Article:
Story and photos by Chris Petris
- ratchet or drill
- 9/32″ or 7mm socket
- 10mm socket
- 13mm socket
- deadman tool
- small flat head screwdriver
- pry bar
If you are fond of putting miles on your C5, you will likely need to replace your skid plate/radiator support at some point. The support literally takes a beating. Even the most careful owner can unintentionally come into contact with a parking bumper or bottom out on a speed bump.
This skid plate has come into contact with a parking bumper at least once, as evidenced by the missing paint and resulting rust. It is also worth noting the missing bumper flap located near the driver’s side of the skid plate, which likely snapped due to friction.
If the contact is severe enough, you may end up damaging one or both of the valance panels as well as the front spoiler, although they may have simply worn out. Either way, now is the best time to replace them if necessary.
Now you will need to remove the lower inner fender extensions, which are also held with 9/32” bolts. You may want to set aside the valance panels (if they are in good condition) and lower inner fender extension covers and wash them before reinstalling them.
This is the perfect opportunity to replace the ambient air temperature sensor if it is malfunctioning or no longer working. Many times this sensor does not get reconnected during service and the outside temperature is stuck below zero. Corvette Central part number 455054 fits all 1997-2013 Corvettes.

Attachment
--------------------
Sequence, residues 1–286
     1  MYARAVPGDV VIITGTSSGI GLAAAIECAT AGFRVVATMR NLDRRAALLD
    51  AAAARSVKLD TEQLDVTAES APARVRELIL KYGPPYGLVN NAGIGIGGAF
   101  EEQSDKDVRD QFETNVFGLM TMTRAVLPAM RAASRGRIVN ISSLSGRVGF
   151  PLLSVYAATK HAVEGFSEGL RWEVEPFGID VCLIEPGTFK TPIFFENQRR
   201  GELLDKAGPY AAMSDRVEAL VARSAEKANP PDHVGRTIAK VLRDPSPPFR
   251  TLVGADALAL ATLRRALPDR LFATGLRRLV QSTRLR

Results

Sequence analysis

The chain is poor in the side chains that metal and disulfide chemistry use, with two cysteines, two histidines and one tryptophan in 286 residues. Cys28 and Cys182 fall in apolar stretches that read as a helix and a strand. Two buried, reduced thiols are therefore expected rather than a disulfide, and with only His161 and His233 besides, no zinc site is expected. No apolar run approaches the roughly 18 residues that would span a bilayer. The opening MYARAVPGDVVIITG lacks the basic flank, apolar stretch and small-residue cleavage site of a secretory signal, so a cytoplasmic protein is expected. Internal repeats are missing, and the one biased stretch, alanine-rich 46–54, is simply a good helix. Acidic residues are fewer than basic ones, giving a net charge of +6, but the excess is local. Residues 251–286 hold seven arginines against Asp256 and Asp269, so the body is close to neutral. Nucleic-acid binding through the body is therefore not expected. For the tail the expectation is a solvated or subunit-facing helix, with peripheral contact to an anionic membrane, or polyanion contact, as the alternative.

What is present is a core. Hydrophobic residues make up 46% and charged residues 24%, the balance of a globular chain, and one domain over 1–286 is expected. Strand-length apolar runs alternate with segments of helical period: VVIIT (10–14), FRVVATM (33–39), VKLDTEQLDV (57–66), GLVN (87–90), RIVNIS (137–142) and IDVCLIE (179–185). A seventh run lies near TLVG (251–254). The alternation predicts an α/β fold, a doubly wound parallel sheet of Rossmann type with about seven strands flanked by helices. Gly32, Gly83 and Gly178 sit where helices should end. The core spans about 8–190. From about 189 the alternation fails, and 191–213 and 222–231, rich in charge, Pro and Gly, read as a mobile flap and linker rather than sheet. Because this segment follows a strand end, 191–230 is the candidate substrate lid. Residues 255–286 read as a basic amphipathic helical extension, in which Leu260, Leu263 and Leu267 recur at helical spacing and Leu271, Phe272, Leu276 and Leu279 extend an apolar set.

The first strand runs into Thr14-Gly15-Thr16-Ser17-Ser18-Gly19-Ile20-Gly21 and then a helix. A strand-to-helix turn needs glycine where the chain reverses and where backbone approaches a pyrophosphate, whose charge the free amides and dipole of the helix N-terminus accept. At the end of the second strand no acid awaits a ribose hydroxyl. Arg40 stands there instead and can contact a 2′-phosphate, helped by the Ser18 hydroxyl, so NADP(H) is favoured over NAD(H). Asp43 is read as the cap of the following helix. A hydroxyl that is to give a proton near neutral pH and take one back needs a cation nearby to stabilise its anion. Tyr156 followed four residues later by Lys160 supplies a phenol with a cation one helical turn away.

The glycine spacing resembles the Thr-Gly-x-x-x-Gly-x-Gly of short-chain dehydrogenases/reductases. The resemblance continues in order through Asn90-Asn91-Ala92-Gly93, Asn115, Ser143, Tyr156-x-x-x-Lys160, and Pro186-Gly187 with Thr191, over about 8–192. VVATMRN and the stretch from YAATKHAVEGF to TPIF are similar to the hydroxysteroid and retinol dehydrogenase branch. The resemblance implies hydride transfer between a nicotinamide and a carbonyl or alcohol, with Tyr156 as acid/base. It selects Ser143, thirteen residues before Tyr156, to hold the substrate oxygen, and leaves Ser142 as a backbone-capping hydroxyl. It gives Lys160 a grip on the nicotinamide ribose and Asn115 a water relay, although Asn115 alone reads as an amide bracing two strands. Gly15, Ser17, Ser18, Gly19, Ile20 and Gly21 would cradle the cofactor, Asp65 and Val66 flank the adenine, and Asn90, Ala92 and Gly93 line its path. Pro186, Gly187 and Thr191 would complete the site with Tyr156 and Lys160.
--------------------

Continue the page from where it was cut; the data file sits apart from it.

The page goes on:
You may decide it is easier to remove the top A.I.R. 10mm screw with the brake cooling duct removed. In our project, we removed the duct assembly to access the lighting. The duct is twisted to the notch and pushed toward the front bumper and then up. As you can see, we remove it completely from the bottom.
After repositioning the dead man to support the radiator, we can now remove the old skid plate. The A/C condenser is supported by the radiator; once the radiator is held stationary, all the other items are fine for skid plate removal. Use caution when bringing the skid plate down around the bumper flaps.
We applied a coat of acrylic enamel with hardener on the new skid plate to keep it from corroding. The light-weight stamped steel pieces need a coating to preserve them and it really makes it stand out!
There are a few of these J-clips used for the skid plate that must be removed and then installed on the new assembly. This mini screwdriver works well by pulling up the center retainer ring first. Once the clip is off, push the ring back down and the clip will stay in place.
An extra set of hands was imperative during this plastic welding operation. The area must first be ground with a “V” in the center for the repair material to flow into. Urethane welding material must also be used, as the bumper material does not melt and fuse together like most plastics; it smokes and burns. The correct material bonds to both of the urethane pieces.
Set up a brace to allow the repaired pieces to cool for at least 15 minutes. Once the pieces cool to ambient temperature, they are either bonded or not. While warm, they can lose their bond to each other.